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medical | opinions & advice | research & decide
Becoming a Doctor of Osteopathy (DO)
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Each year, thousands of medical students choose to become Doctors of Osteopathy (DOs) rather than MDs.
Osteopathic doctors comprise less than ten percent of practicing physicians. Given their small numbers, it's no surprise people are unfamiliar with the osteopathic tradition. But for many students, especially those who seek a broader or nontraditional approach to medicine, osteopathy can be an excellent career path.
What is osteopathic medicine?
Osteopathy has a more holistic approach to consultation, diagnosis and practice than the allopathic tradition. Osteopathic doctors are trained in traditional medical techniques, just like MDs, but they also receive additional training in musculo-skeletal manipulation.
While DOs may choose to specialize after medical school, osteopathic programs tend to focus on training well-rounded, general physicians. The majority of osteopathic physicians choose to practice in primary care fields, such as internal medicine, emergency medicine, obstetrics and gynecology, and pediatrics. But DOs are also represented in every medical subspecialty, from surgery to anesthesia.
What are osteopathic medical programs like?
Osteopathic and allopathic medical programs have more similarities than differences. Both programs require an undergraduate degree and basic science coursework before matriculation. Both are typically four years in length, with two years of traditional science coursework and two years of clinical rotations.
Both degrees will also prepare you to work as a fully-licensed doctor in any medical specialty. In addition to over five hundred osteopathic residency programs, osteopathic physicians have the option of entering the National Residency Matching Program, the same residency matching program as MDs.
There are some key differences, however. Osteopathic programs concentrate more effort on primary care, training strong general physicians before specialists. They emphasize a holistic, preventative approach to health. All osteopathic students also receive training in osteopathic manipulative treatment (OMT), in which they use their hands to diagnose and treat illness. Many osteopathic physicians feel that OMT, while not supplanting traditional medical techniques, gives them something extra to help diagnose and treat their patients.
Osteopathic medical schools (unlike their allopathic counterparts) do not have an affiliated teaching hospital. Instead, they partner with medical facilities and doctors' offices in the local community. This model is great for students who want to learn in a variety of settings. However, it does preclude early exposure to research, cutting edge treatments, or instruction found in a traditional teaching hospital.
Osteopathic programs are primarily focused on patient care, although there are some opportunities for research. Several osteopathic medical schools have started offering joint degree programs in public health, administration, biomedical science and law. In addition, there are a few programs that allow students to pursue a DO/PhD degree, although training and funding opportunities are limited. Students who are committed to a career in medical research will have more opportunities as an MD.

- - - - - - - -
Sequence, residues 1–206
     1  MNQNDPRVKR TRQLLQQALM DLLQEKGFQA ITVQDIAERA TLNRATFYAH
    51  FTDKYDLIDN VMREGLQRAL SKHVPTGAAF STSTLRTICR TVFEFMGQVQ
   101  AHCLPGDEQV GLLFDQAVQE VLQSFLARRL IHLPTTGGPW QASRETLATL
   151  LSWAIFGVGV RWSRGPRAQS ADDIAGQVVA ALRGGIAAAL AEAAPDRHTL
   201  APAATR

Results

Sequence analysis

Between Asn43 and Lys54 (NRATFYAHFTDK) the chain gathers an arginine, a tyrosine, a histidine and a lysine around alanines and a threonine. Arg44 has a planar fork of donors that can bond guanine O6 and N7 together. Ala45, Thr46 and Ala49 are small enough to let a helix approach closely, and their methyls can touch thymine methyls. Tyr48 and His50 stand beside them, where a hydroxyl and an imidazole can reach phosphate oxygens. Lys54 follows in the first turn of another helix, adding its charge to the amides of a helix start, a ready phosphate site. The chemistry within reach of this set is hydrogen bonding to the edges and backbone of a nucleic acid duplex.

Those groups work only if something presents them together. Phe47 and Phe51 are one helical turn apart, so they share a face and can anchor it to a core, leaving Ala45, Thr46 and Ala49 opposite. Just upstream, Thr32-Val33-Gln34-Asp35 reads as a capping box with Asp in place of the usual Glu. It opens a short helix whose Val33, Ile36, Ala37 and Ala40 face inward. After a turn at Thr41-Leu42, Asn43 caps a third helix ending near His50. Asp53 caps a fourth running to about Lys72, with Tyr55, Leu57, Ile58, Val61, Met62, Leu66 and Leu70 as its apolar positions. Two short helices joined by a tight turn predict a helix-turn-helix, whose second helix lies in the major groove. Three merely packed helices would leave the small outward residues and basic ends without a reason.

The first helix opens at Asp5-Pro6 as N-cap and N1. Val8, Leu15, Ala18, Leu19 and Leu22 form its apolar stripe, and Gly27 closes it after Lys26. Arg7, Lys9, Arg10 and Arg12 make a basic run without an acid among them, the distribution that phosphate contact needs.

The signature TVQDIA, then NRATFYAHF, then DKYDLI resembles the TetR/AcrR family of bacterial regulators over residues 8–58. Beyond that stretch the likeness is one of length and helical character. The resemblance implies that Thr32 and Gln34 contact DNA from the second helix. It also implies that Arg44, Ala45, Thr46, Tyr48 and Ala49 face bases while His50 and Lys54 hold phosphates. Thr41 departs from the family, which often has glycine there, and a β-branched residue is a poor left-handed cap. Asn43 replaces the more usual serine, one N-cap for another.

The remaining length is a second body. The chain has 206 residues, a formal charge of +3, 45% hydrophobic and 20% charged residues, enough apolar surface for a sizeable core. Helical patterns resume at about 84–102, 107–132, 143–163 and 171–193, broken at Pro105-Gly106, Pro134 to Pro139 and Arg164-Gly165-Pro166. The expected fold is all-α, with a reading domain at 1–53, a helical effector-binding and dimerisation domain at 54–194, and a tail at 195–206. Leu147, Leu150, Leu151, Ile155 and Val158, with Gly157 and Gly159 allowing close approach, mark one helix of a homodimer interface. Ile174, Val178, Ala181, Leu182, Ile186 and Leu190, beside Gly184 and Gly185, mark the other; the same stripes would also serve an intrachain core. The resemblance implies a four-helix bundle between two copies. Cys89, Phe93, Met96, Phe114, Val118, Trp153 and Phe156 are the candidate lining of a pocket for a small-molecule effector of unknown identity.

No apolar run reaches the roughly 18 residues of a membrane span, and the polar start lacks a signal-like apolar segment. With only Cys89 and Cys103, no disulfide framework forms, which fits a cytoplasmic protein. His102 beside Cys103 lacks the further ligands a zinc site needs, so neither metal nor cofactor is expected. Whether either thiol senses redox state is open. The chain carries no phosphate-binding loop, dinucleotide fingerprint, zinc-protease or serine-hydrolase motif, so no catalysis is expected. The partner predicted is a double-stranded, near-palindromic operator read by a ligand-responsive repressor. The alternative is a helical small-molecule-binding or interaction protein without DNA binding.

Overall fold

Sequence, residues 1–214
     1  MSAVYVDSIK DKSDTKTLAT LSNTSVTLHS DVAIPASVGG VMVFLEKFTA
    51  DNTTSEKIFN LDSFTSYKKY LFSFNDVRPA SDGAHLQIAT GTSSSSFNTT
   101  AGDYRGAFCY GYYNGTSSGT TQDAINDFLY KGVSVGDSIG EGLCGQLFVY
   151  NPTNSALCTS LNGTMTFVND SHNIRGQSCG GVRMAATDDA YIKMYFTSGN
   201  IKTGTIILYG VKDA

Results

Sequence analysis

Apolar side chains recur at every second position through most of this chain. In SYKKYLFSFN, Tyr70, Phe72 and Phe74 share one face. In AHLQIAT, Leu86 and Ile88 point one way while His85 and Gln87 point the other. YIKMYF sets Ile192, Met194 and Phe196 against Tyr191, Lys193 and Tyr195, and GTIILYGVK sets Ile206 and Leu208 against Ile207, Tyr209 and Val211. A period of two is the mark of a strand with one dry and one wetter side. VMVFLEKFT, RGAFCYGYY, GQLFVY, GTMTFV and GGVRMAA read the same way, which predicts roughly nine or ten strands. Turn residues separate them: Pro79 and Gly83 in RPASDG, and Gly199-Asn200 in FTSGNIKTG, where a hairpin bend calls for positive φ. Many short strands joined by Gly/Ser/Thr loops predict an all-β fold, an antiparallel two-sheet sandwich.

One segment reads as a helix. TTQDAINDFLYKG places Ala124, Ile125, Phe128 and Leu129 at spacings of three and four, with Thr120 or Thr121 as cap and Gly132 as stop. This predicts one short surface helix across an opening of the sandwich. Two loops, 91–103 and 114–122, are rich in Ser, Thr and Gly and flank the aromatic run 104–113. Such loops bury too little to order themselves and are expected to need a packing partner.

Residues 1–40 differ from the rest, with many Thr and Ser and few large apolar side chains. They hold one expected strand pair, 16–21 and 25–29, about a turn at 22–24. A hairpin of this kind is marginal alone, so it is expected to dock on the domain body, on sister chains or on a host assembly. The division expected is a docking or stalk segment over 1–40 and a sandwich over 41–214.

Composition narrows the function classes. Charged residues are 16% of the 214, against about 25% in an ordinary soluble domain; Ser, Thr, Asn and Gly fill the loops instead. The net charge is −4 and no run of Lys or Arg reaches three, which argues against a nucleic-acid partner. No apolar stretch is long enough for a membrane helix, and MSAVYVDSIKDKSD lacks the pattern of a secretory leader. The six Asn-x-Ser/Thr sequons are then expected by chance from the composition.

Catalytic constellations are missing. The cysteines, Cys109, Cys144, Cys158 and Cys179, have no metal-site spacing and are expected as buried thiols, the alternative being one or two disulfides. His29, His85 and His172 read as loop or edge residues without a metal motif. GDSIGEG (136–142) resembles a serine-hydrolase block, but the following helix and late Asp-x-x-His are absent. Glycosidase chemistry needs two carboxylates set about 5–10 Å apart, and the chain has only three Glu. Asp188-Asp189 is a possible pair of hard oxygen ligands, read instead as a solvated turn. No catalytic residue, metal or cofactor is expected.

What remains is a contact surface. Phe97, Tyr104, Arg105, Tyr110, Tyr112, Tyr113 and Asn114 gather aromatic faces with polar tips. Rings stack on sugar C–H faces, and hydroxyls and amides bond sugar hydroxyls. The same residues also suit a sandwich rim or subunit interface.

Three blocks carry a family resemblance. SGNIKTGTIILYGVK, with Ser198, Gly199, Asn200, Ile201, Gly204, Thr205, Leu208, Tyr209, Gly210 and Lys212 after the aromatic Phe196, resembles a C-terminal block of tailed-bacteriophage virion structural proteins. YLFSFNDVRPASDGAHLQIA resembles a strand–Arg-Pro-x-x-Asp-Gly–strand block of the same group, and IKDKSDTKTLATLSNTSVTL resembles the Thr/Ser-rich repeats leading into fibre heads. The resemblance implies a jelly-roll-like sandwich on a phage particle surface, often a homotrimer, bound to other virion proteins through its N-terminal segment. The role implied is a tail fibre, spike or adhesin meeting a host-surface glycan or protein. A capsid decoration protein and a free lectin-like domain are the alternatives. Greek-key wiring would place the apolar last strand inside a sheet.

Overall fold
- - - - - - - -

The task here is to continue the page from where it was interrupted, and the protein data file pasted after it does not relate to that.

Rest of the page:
How do I apply to an osteopathic medical school?
Osteopathic schools use a centralized application service called AACOMAS. It is very similar to the service (AMCAS) used by allopathic schools.
To apply through AACOMAS, you'll need to submit your transcript, MCAT scores, and a half-page personal statement explaining why you want to be an osteopathic physician. You will also need to get a recommendation from a DO, so it's a good idea to search for a mentor as early as possible. There is a fee to apply, although some scholarships are available.
Is osteopathic medicine right for me?
Prospective doctors who plan to practice in a primary-care field are often attracted to osteopathic medical schools because they tend to emphasize general care, preventative medicine and psychological and social aspects of treatment. Students who are interested in alternative or noninvasive treatments also find osteopathy to be good match because of its holistic and individualized approach to medicine.
Many people who consider osteopathic programs do so because they are reputed to have less-competitive admission standards than allopathic programs. Osteopathic schools do have a reputation for looking past grades and scores; they place a strong emphasis on the whole picture of the candidate. This makes them particularly attractive to older students who have unique life experiences or who have tried other career paths before deciding to pursue medicine.
One final factor to consider is that prospective DOs should be prepared to be a part of the minority in the medical community. Because they comprise only a small percent of American doctors, osteopathic physicians must often explain—and sometimes defend—their educational background.
As medicine continues to focus more efforts on primary care and preventative medicine, the opportunities for osteopathic physicians continue to grow. Whether you choose to become an MD or a DO, you will be most successful—not to mention happiest—in a program that fits with your personal philosophy and career goals. We recommend speaking with both kinds of doctors before you make your choice.
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